France’s reward for being group-stage top-scorers and impressive qualifiers? A match-up with Spain which is semi-final material, minimum. Pas de justice.
Group F: England 4 Iraq 0; Mexico 0 Chile 0. England 9, Iraq 4, Mexico 2, Chile 1.
England will win this, you know. Attribute a pair of “wobbles” against Mexico and Iraq to teenage angst and England were the most impressive qualifiers. Iraq, largely unable to cope with England’s near second-string, got away with 4-0.
Sort of. Many of England’s chances, including the first goal, looked offside. England were too quick for both referee’s assistants, although they could have made more of this fortune. One-nil did not reflect the first 26 minutes. And if Jaden Sancho’s penalty-taking had matched his general star quality, England could have chosen their half-time lead.
Once Emile Smith-Rowe DID make it 2-0, the proverbial floodgates opened. And, after Japan, the potential Paraguayan, American, German, Colombian or Brazilian obstacles to England’s place in the final don’t look that tall.
At the very last, a stinker. Mexico and Chile vomited up the group stage’s only nil-nil draw, the result which Mexico needed but for which Chile appeared to play. The quicker Mexico move the ball, the better they look. Against Chile, they were ponderous, but were miles the better side. And when Chile FINALLY showed some attacking intent, Mexico still came closer to scoring, Roberto De La Rosa whacking the underside of the bar from 15 yards.
Yet, at the very last, Chile nearly, ulp, won. Sub Willian Gama adeptly chest-controlled a diagonal hoof into the box, flicked the ball over a defender and…and…hooked his 10-yard shot wide, the referee ending the game as Gama put his head in his hands in the despair we’d all have felt had he put Chile through.
Chile qualifying would have condemned the 24-team format. Mexico qualifying has.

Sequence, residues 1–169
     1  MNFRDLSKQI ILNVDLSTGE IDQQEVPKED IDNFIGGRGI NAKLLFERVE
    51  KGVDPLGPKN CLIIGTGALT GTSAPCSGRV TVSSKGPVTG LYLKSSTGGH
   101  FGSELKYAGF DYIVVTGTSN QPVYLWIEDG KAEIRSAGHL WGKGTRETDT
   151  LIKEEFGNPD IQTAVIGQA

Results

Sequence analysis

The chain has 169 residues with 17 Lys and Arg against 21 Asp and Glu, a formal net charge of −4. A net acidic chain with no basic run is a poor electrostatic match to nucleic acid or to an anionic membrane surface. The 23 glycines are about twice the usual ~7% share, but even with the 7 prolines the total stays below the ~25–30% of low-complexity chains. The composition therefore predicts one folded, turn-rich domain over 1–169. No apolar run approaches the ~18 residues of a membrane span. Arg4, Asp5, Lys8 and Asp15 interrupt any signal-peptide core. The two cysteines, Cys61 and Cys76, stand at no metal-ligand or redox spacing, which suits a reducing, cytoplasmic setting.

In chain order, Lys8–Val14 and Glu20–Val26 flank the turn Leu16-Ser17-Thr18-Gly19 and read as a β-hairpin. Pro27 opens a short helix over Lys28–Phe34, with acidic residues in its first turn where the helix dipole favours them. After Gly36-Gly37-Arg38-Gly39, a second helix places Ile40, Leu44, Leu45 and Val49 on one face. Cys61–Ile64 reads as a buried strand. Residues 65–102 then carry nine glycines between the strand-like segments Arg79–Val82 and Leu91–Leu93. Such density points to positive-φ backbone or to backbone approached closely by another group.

The tournament is being shown “across” the Eurosport network. Nowhere near every game has been on telly (Eurosport 1 and 2). That might/should change at the quarter-final stage, from when every game has a different kick-off (12.30 or 3.30 in what is still British “Summer” Time). Unless there’s a bag of snooker and/or cycling on. In which case any non-England game could go hang. EVERY game is, however, on Eurosport Player…and “On Demand” soon after. On the day, usually.
Only the telly games have had commentaries. The commentators often appear not to have watched the games they haven’t covered (the “Digital Spy” forum commentators’ threads show how busy many of them are most days), which has led to a couple of sticks being grabbed at the wrong end.
However, the usual Eurosport suspects provide as good a service as can be expected from people watching the games on telly themselves, albeit big screens (presumably). Robson has starred again, with Sue Smith a welcome, well-informed addition. And the prospect of (friendly) on-mic dust-ups, over fashion as much as football, is entertainingly never far away.
ON THE WHISTLE/FLAG
Under-17 footballers seem easy to control. Bar the odd card-brandish, little ill-discipline has emerged in India: from cynical fouling to what late, great BBC rugby commentator Bill McLaren used to call “a wee bit of fisticuffs.” The, many, problems with the officiating have stemmed from those pesky rules on offsides and penalties.
Penalty-taking AND penalty-giving have been poor; the worst decision being Paraguay’s winner against Mali, which cost the Eaglets Group B. And while contentious offside decisions have been rare, that’s only because many have been indisputably wrong. If only there was a video system which could assist.
ROUND TWO: Colombia/Germany; Paraguay/USA; Iran/Mexico; France/Spain; England/Japan; Mali/Iraq; Ghana/Niger; Brazil/Honduras.
Three second round matches will near-certainly produce the “right” quarter-finalists: Iran, England and Brazil. Paraguay, Mali and Ghana should win. Only Colombia/Germany appears difficult to call, because of Germany’s time-honoured tradition of winning when playing sh*te. France/Spain…see “Group E” above.
The form book’s quarter-final and semi-final line-ups are: Mali/Ghana; Paraguay/England; Spain/Iran; Colombia/Brazil. Then Brazil/England and Mali/Iran. But who knows who England will beat in the final.
However, Stewart “I hate extra-time” Robson will be happy. Fifa made two concessions to the event’s punishing schedule; water-breaks if the “Wet Bulb Global Temperature” (?) hits 32 Celsius and; STRAIGHT to penalties after 90 level minutes, for which Robson has long miserably pleaded. If this tournament terminates that interminable, history will treat it well, whatever the quality of the remaining games.